“22, A Million”: Bon Iver’s Latest Album Teeters on Experimental
Coming off of a lengthy hiatus, Bon Iver released their first album in five years on Friday, Sept. 30. The album, titled “22, A Million,” has been highly anticipated following the release of singles “22 (OVER S∞∞N),” “10 d E A T h b R E a s T ⚄⚄” and “33 “GOD”.” Over the course of their career, Bon Iver has received critical acclaim for their first two albums, “For Emma, Forever Ago” and “Bon Iver, Bon Iver,” winning the Grammy for Best New Artist in 2011.
Bon Iver, lead by singer, songwriter and producer Justin Vernon, has apparently continued to change and evolve over the past five years. “22, A Million” represents a step forward and into the experimental for the indie/alternative/folk band. Complete with cover art filled with enigmatic symbols and a track list of similarly confusing song titles, “22, A Million” stands as an album of mystery for listeners. The album draws on influences from Bon Iver’s past work, as well as past collaborators such as rapper Kanye West and electro-pop producer James Blake.
The album begins with the song “22 (OVER S∞∞N).” The intro is slow and minimalistic. The main underlying beat is a steady hum, and Justin Vernon’s vocals drive the rest of the song. Also complementing Vernon are brief interludes of horns and soulful cries. The theme is very ethereal, recalling some of Bon Iver’s previous work, but the vocoded background hum brings a fresh element to the song. The album begins on a slow, relaxing and somewhat melancholy note.
Immediately, the tone changes with “10 d E A T h b R E a s T ⚄⚄.” “10” is much more intense, with a strong, driven drumbeat. Vernon’s vocals sound relatively similar, but the overarching forceful melody filled with distortions is radically different. The song recalls Kanye West’s album “Yeezus,” a heavily avant-garde and similarly stripped-back album that Vernon himself worked out, providing vocals and producing.
The next song, “715 – CRΣΣKS” brings back the slower more somber tone to
“22, A Million.” In “715,” Vernon’s vocals are heavily vocoded (another Kanye influence that Vernon has adopted throughout his career). The song is particularly beautiful, done mostly in a capella and alternating between a soft tone and one of anguish.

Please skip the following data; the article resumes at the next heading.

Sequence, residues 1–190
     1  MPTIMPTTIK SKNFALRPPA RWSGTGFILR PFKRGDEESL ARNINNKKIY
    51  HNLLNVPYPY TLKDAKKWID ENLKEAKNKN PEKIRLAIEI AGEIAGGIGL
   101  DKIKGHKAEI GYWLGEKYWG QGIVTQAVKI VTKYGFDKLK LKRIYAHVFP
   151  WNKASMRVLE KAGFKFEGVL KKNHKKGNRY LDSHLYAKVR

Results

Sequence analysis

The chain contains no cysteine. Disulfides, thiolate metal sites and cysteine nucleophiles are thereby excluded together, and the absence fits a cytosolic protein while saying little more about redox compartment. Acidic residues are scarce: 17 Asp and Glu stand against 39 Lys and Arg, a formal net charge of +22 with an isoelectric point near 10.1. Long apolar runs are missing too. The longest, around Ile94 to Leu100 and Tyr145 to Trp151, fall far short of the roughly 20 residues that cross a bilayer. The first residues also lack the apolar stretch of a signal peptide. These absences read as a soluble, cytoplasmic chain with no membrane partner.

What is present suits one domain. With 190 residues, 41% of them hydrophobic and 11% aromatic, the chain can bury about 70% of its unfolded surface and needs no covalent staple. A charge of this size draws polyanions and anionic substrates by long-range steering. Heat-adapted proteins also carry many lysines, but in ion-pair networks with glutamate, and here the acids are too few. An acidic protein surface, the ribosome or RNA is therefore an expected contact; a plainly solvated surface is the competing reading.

The fourth track of the album is the last single,”33 “GOD”.” The song begins with the delicate singing of Justin Vernon. The song incorporates more elements including strings and high-pitched vocals. Towards the end it also brings in a strong beat. “33” is a very complete song overall and one of the best on the album.
Following “33” is “29 #Strafford APTS.” “29” is another song reminiscent of some of Bon Iver’s old work, using acoustic guitar as a background. One interesting element of the piece, however, is the broken bits of audio, which bring a more experimental element to the song.
“666 ʇ,” the next song, begins slow and builds to a maximalistic high. Vernon’s vocals (as always but especially in this song) are beautiful. The background builds to a complex multilayered beat that delights the ears.
“21 M♢♢N WATER” follows. This song is slow paced and somewhat ambient. It also builds to an intense, experimental section that floods the listener with raw sounds. In fact, its outro may be the most experimental section of the album. Building on “21 M♢♢N WATER,” is “8 (circle),” which transitions from experimental into more traditional sounds of steady strings, slow drum beats and clear, (mostly) unaltered vocals from Justin Vernon.
“8 (circle)” continues the pattern of building to a more intense back section. It also includes a brief bridge of particularly sonorous singing and a background chorus. It touches briefly into the experimental with audio glitches and distortion. The closing to this song is also beautiful, complete with added horns and continued work from the chorus, ending abruptly on a pitch-altered cry.
“____45_____” is a much more relaxed song, despite the theme of being caught in a fire. The sound is very warm and resonant. With strings and some acoustic banjo (maybe mandolin?), the song also incorporates a few naturalistic sounds. While this song does not really stand out, the simplicity of vocals and bubbling instrumentals actually do create a strong song.
The 10th and last song of the album is “00000 Million,” a pretty acoustic and traditional-sounding song. It seems to mix in an element of mainstream country into the “folktronica” of the album. “22, A Million” ends on a melancholic sound, and the conventionality of “00000 Million,” in contrast with most of the rest of the songs, grounds the album and ends it nicely.
Overall, “22, A Million” is a really beautiful album. If you liked Bon Iver’s previous work you will probably like at least a few songs from this project. The album really pushes the boundaries of Bon Iver as an artist, which I feel like fellow electropop/folk artist, James Blake’s own 2016 album “The Colour in Anything” failed to accomplish. This album has highlights including: “10 d E A T h b R E a s T ⚄⚄,” “33 “GOD”,” “666 ʇ” and “8 (circle),” but you would be hard pressed to find a weak point in this album. The album can get a little bogged down and it is easy to get lost in the mystery of it all — which might be the desired effect. However, the more experimental sections of the album feel organic and unforced. Indeed, Bon Iver’s reputation as a genuine and innovative artist should continue with this album. “22, A Million,” a relatively short album, with only 10 tracks and a runtime of under 35 minutes, is definitely worth a listen. Fans of it may also want to listen to James Blake’s “The Colour in Anything,” which was released earlier this year, and Francis and the Lights’ debut album “Farewell, Starlite!,” which was released for free on Sept. 24. Bon Iver features on both albums.
Overall rating: 9/10